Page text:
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Pension reform is back, and so is the opposition

As promised, Sen. Wilton Simpson, R-Trilby, filed legislation this week that will overhaul Florida’s $132 billion pension system.

And already, the obstacles ahead are mounting.

Filed as a bill by the Senate’s Community Affairs Committee, which he chairs, SPB  7046 prohibits most state workers from enrolling in the state’s pension plan after July 1, 2015, forcing them instead to enroll in 401 (k)-style investment, which doesn't have a guaranteed return, or cash balance plans, which have lower guaranteed returns.

Yet the same bill allows “special risk” employees -- firefighters, police, deputies -- to continue to have the option of enrolling in the state’s pension plan, of which more than 600,000 current state, county and local employees contribute to for their retirements.

That “carving out” of special risk employees is a sop to the Senate, which last year defeated Florida House Speaker Will Weatherford’s effort to close out the pension to all future employees by a 22-18 vote. The theory goes that without the opposition from police and fire unions, at least two senators who voted against it last time, Greg Evers and Charlie Dean, might be swayed this time.

Weatherford told the Times/Herald last week that this carving out provision is intended to make it more palatable for senators.

But it’s not clear if that will be enough, at least for all of the pension reform legislation Simpson filed Monday. One of his bills, SPB 7040, which creates a trust fund to finance the cash balance plan, needs 24 of 40 votes to pass. Without it, can Simpson actually accomplish the pension reform simply by getting his SPB 7046 approved?

Yes, according to Simpson’s office. Simpson’s chief legislative assistant, Rachel Perrin, said that if the new trust fund isn’t approved, payments to those enrolled in the cash balance plan will be simply paid from the existing pension fund.

“It just means that, administratively, it will be more difficult (without the cash balance trust fund),” Perrin said.

Already, Simpson’s plan is drawing opposition from the Florida Education Association. On Tuesday, its vice president, Joanne McCall, said the move to exempt police and fire from the proposed pension reform smacks of gender bias.

“If it’s good for one set of employees, it should be good for all employees,” McCall told reporters. “I hate to say that 70 percent of those that are in (Florida’s) retirement system are female, so I’m kind of concerned about why we’re carving out police and firefighters. Is there a gender equity gap there?”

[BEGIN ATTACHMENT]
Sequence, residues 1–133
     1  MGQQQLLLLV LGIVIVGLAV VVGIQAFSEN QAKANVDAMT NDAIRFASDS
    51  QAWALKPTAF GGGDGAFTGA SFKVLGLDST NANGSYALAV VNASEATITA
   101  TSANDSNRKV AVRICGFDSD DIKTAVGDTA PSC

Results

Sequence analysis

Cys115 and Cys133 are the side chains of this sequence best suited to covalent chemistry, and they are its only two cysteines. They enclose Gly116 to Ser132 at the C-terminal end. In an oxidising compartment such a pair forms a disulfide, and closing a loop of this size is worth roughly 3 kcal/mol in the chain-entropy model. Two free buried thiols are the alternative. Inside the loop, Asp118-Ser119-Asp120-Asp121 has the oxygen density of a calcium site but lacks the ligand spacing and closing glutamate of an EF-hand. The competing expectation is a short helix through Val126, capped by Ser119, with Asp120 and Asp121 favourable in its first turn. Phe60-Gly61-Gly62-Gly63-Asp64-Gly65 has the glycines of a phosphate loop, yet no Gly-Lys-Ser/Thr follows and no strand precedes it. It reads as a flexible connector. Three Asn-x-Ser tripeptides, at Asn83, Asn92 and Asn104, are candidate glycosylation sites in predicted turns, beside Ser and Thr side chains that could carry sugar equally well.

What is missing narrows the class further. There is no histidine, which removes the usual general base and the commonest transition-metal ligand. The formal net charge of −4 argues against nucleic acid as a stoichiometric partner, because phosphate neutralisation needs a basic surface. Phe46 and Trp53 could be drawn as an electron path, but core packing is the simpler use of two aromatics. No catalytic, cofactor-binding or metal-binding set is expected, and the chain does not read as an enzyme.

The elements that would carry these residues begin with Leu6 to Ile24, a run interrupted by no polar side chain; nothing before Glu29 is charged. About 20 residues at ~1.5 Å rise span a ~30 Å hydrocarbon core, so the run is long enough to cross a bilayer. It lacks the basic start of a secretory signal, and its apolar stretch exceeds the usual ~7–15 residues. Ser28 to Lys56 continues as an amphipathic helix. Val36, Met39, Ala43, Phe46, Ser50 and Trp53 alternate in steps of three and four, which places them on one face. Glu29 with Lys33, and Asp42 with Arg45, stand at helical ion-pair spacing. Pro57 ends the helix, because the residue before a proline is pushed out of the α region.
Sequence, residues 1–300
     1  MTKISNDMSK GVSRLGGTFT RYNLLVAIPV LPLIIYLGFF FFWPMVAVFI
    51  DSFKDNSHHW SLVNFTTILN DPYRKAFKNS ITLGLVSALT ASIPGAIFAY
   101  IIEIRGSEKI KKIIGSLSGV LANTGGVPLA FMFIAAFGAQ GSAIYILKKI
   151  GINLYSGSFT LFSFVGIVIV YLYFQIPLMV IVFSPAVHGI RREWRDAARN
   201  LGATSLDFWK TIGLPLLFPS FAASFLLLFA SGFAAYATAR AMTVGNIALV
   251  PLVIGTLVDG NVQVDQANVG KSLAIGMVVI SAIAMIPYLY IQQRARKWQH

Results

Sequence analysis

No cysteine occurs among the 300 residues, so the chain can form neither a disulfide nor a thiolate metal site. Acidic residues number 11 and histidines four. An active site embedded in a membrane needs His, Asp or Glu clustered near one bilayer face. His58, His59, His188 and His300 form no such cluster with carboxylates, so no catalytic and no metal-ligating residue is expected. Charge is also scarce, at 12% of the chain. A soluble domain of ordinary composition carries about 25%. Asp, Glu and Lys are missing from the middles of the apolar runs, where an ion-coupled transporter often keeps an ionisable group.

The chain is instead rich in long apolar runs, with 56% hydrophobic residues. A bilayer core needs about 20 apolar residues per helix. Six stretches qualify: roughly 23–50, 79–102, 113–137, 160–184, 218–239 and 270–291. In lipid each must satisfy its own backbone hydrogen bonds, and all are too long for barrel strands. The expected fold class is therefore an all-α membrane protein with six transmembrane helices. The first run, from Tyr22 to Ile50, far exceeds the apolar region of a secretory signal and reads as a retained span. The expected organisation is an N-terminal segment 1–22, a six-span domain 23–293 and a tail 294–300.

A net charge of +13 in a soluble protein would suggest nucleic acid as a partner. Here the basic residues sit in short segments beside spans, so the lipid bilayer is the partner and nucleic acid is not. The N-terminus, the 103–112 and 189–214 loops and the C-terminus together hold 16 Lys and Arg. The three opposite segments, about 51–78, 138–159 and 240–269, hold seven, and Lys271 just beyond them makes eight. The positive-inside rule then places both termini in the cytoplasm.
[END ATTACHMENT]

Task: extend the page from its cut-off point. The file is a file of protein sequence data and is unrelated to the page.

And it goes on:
McCall pointed to a survey of 800 registered voters between Dec. 16 and Dec. 22 that showed 68 percent of respondents said they agreed with the following (and leading) statement: “We need to keep the state funded retirement system for teachers because they have such low salaries in the state.” Only 16 percent agreed with the statement: “We need to eliminate the state funded retirement system for teachers because it costs taxpayers $500 million per year.”



Comments

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Ed Jenkins

The taxpayers greatly appreciate this belated move into the modern era well behind many companies that earlier realized the dangers promising fixed payments for large numbers of years to people no longer on the payroll. The citizens do not have the ability to pay 2 and maybe 3 people (1 to 2 of which are retired) to do each government job and they certainly do not want to guaranty payments anymore to those not even working from money that can only be confiscated from them. Many businesses were forced into bankruptcy and in the end those who believed these lifetime payments were promised to them realized that it was not economically possible by an age too late for them to find other sources of income, it is better for these people to find out now and begin to save for their retirement like other responsible citizens, wise businesses learned and changed from these events and it is past time for governments to do the same.

Anti-Tallahassee

Republicans simply want to shift public money into their friend's hands. The pension system is not broken, it is not a burden on taxpayers. The Republican plan will not cost any less, but it will put a lot of money into the hands of the private financial management companies. It is sad that people like Ed Jenkins want to do away with FRS because they don't have access to the same benefit in the private sector. Misery loves company.

Get Real

These businesses that were "forced into bankruptcy" did it because it was the only way to offload their promises onto others via PBGC. They are all doing quite well now and are no longer concerned with living up to their obligations. Dumping pensions wasn't necessary, but it sure was profitable.

Robert Carter

Then they'll have to pay teachers a salary that they can save for retirement.

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